Whether in film or television crime dramas, most people have seen a suspected criminal given her "Miranda Warning" which includes the familiar line: "Anything you say can and will be used against you in a court of law." The U.S. Court of Appeals for the Federal Circuit recently ruled that patent applicants, in certain circumstances, may make statements during prosecution of their applications without any consequences at all.
Since October 2022, the USPTO has publicized their intent to increase the number of registered practitioners and broaden the educational skill set of those registered by creating a separate Design Patent Bar eligible to design professionals that would not otherwise qualify for the current regular Patent Bar. On November 16, 2023, the USPTO officially established the Design Patent Bar, giving notice in the Federal Register.
The United States Court of Appeals for the Federal Circuit recently vacated a district court's decision regarding the interpretation of claimed term "pH of 13 or higher," and remanded to the district court for consideration of the parties' provided extrinsic evidence. The Actelion decision is an important reminder that the way a numerical range is presented is of key importance to how it will be construed.
Intellectual Property High Court in Japan Reverses District Court Decision, Establishes Criteria for Determining "Producing" of Accused System without Strict Application of Principle of Territoriality
On 26 May, 2023, the Grand Panel of the Intellectual Property High Court (IPHC) held that FC2 infringed DWANGO's system patent in Japan, even though a server of the accused computer system was located outside Japan (i.e., in the USA). In the patent for a system including a server and terminal devices connected via a network, the Grand Panel held that the accused act of creating a system including a server located outside Japan and a user terminal located in Japan constituted "producing" under Article 2(3)(i) of the Japanese Patent Law.
The doctrine of prosecution laches has rarely been applied by U.S. courts in recent years. A recent decision of the U.S. District Court for the Northern District of California shows that the doctrine is not yet dead.
The U.S. Court of Appeals for the Federal Circuit, in Columbia Sportswear North America, Inc., v Seirus Innovative Accessories, Inc., has overruled a longstanding case on the protective scope of design patents. As ruled in Columbia, the scope of prior art available for comparison in infringement analysis is now limited to the same type of article as the patented claim.
Future Decision G 1/23 Will Complement Opinion G 1/92 By Attempting to Clarify The Threshold Of Enablement For Complex Products To Form Part Of The State Of The Art
Future decision G 1/23 of the Enlarged Board of Appeal of the European Patent Office will shed the light on the criteria that must be met for a (complex) product subject to prior use to form part of the state of the art, and in particular on the extent to which the composition or internal structure of the complex product should be analyzable and reproducible by a skilled person.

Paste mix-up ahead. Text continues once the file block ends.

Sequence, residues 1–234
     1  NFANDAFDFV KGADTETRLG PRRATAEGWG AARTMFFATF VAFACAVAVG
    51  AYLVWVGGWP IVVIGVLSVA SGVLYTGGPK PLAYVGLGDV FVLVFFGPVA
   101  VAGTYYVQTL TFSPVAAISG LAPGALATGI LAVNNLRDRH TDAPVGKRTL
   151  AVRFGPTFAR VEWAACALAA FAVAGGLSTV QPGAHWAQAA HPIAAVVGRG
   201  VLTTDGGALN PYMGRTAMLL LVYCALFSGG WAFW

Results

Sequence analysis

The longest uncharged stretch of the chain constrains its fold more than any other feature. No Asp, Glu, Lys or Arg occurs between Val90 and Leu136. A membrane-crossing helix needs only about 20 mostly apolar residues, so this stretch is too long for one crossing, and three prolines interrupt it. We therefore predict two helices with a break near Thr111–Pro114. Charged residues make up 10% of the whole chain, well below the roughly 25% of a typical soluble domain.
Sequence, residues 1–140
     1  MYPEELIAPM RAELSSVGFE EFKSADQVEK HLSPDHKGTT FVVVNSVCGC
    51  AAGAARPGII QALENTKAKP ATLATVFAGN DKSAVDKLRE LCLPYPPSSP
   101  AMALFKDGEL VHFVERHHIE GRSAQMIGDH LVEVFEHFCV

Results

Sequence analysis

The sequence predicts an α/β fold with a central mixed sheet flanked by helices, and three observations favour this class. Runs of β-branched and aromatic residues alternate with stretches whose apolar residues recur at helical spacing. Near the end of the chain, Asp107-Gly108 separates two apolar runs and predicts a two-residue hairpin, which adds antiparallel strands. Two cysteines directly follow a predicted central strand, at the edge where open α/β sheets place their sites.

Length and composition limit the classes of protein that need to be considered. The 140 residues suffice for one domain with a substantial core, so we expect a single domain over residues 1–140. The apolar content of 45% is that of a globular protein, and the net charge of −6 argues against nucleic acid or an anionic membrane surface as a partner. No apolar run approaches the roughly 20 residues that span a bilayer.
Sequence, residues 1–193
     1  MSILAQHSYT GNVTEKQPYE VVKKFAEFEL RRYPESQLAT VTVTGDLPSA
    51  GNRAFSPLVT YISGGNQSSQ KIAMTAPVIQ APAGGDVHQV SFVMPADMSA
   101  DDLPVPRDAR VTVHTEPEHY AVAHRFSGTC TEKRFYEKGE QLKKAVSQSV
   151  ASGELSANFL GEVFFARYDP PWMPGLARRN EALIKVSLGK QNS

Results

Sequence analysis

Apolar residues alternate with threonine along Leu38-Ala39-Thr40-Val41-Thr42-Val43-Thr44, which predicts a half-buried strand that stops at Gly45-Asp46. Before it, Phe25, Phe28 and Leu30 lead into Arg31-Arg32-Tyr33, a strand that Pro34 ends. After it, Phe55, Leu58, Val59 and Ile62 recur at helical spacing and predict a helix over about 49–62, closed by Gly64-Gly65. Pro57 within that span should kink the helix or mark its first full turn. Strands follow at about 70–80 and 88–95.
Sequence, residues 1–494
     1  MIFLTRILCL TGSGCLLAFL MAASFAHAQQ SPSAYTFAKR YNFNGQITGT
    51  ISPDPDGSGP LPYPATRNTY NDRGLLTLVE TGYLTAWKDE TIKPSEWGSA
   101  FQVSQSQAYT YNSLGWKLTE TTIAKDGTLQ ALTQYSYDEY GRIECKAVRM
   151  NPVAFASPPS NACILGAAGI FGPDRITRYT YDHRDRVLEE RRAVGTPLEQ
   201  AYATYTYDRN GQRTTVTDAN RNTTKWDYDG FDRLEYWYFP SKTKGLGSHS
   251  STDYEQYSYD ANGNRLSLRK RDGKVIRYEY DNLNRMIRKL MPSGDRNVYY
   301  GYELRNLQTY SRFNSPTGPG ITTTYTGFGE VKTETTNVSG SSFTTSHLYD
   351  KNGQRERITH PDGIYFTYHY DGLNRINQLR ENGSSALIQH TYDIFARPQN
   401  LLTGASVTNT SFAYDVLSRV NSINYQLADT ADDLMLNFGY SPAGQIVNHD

The Court of Appeals for the Federal Circuit recently revisited an important issue directed to the relevance of prior art references combined in an obviousness rejection, specifically with respect to the analogous art doctrine. In Netflix, Inc. v. DivX, LLC, the Patent Trial and Appeal Board had ruled for the patentee DivX, holding that a secondary prior art reference was not analogous art. On appeal, the Federal Circuit clarified the strict requirements of the two-prong test for non-analogous art.
Claimed Combination "As A Whole" May Support Nexus Between Claimed Invention and Commercial Success Even If Individual Elements Are Found In Prior Art
After recently reminding that in order for commercial success of an invention to support non-obviousness, the required nexus cannot rest solely on a claim element that is known in the prior art, the U.S. Court of Appeals for the Federal Circuit has further reminded patent owners and applicants that nexus may be established upon consideration of the claimed combination as a whole, even if individual elements of the claim are found in the prior art.
In view of the ongoing digital transformation in the patent grant procedure at the European Patent Office (EPO), the European Patent Convention (EPC) rules concerning the presentation requirements of documents submitted in proceedings before the EPO have been amended. These EPC amendments, which will enter into force on 1 November 2023, include the deletion of the so-called "ten-day notification rule" and the introduction of a new notification rule less favorable to users of the EPC system. The calculation of periods in proceedings before the EPO is impacted accordingly. Importantly, users of the EPC system cannot rely any longer on an automatic 10-day extension of deadlines, which was originally conceived to compensate for postal service delays.